Listening 2017: June 6–15
Devo, The Distillers, Junior M.A.F.I.A., Akina Nakamori, Gary Numan, Payroll Giovanni, Zone
The last entry brought older albums to the queue, and this one has even more. Though it put me pretty behind on new releases, I’m glad I’m more eager to turn to older records because I’m the worst when it comes to listening to albums made before the ’90s. I cover four of them here, which for me is a good amount than usual.
Here’s what caught my ear these couple weeks:
Sing Sing Death House by The Distillers (Hellcat, 2002)
Only a year sets apart Sing Sing Death House from Coral Fang, the punk band’s second and third release, respectively, out of their three-album run. The completeness of the latter compared to the former, though, astonishes me. Such a result most likely has to do with Coral Fang being a release on a major label, where an ability to write songs with a sharp sense of form and structure is a given as much as it is a sign of artistic growth. Sing Sing Death House, meanwhile, is a tight release in its own way. While Brody Dalle here may care less about providing full songs than a hook to shout, she still hands in a succinct half-hour rundown of the most gut-punching punk bursts. They’re proudly messy, which makes me curious to how they were received when they decided to clean up their act.
Conspiracy by Junior M.A.F.I.A. (Undeas/Big Beat, 1995)
How two legit hits can come out of a band of amateurs trying on the suits of their New York gangsta-rap heroes only speaks to the business mind of Christopher Wallace, who I assume learned a thing or two working with Sean Combs: that notorious scene of Puff Daddy pushing a Mtume-sampling record as the single to hardcore rapper Biggie’s debut comes to mind. Because most, if not all of the appeal behind both “Player’s Anthem” and “Get Money” — especially the latter’s — is the hook, not to mention its rather flashy loops. Same goes for the third, the Faith Evans-assisted “I Need You Tonight.” Rapping for rapping sake takes them only so far.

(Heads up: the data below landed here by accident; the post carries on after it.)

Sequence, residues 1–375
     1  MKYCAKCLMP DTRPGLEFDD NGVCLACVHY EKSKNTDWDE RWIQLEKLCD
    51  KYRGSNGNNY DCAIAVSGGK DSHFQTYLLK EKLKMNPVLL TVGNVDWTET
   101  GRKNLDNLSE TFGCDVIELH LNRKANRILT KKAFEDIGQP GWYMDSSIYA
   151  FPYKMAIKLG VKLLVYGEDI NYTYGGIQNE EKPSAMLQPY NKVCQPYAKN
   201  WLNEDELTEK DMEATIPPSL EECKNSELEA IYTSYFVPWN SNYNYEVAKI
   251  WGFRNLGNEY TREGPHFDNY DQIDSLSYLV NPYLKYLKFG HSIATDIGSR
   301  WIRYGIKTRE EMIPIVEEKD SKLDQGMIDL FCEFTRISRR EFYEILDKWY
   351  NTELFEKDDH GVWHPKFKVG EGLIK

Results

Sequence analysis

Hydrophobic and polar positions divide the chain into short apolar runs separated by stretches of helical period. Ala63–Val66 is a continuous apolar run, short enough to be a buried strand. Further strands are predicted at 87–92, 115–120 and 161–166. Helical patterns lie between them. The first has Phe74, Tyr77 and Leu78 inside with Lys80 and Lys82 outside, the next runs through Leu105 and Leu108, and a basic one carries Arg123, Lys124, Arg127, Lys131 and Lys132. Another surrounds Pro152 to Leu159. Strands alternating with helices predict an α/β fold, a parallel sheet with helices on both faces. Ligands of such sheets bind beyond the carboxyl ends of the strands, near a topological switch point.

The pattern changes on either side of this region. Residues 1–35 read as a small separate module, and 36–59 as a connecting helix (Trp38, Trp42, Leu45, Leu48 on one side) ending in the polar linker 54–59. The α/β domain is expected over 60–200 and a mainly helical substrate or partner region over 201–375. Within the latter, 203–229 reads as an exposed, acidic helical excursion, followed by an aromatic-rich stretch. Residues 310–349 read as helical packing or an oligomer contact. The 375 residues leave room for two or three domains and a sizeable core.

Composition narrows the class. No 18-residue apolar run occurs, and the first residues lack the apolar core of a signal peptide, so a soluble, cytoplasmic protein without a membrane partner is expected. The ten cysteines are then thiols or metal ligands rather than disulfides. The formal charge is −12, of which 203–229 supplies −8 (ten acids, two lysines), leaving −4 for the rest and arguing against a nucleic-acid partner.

The rappers involved do fine world building that lives up to its title of Conspiracy with raps covering paranoia and double-crossing, Biggie’s favorite themes. But again, it’s the things extraneous from the actual rapping that make the non-singles to be more memorable. Straight-up rap track “Realms of Junior M.A.F.I.A.” shines less from the lyrics than the trusted sample of ESG’s “UFO.” “White Chalk” is a rather peculiar one with its stylistic focus nearing horrorcore, evoking more of Southern acts of the time. When they commit squarely to their mafioso role, it sounds exactly like a product by a gang of lesser goons under their bosses wing.
Possibility / Bitter and Sweet by Akina Nakamori (Reprise, 1984; 1985)
Per recommendation, Akina Nakamori’s Best I and II served as a fine introduction to the Japanese ’80s pop royalty. A definite shift in the singer can be heard from the first to the second compilation, her work from 1986 to 1988; four years after her first single, her voice has finally grown to that of a proper ballad powerhouse. But even in Best I, her hits from 1982 to 1985, you can pick up a gradual growth by the way her voice pairs with more flamboyant accents.
I’m in no way an expert to Nakamori’s work, but personally, I pin the point in time in which she began to hit her stride around 1984 and 1985 with, respectively, Possibility and Bitter and Sweet. She sounds more comfortable to swing her voice around in both. While she showcases just how she can deliver in traditional modes through a series of ballads in the former, she tries on more playful get-ups in the latter; Bitter and Sweet works more contemporary pop productions with drum machines, funk bass lines, starry synths and such. Her 1985 record worked much better for me especially because I’ve gone to associate Nakamori as a diva figure, and the glamorous sounds from that album befits that title.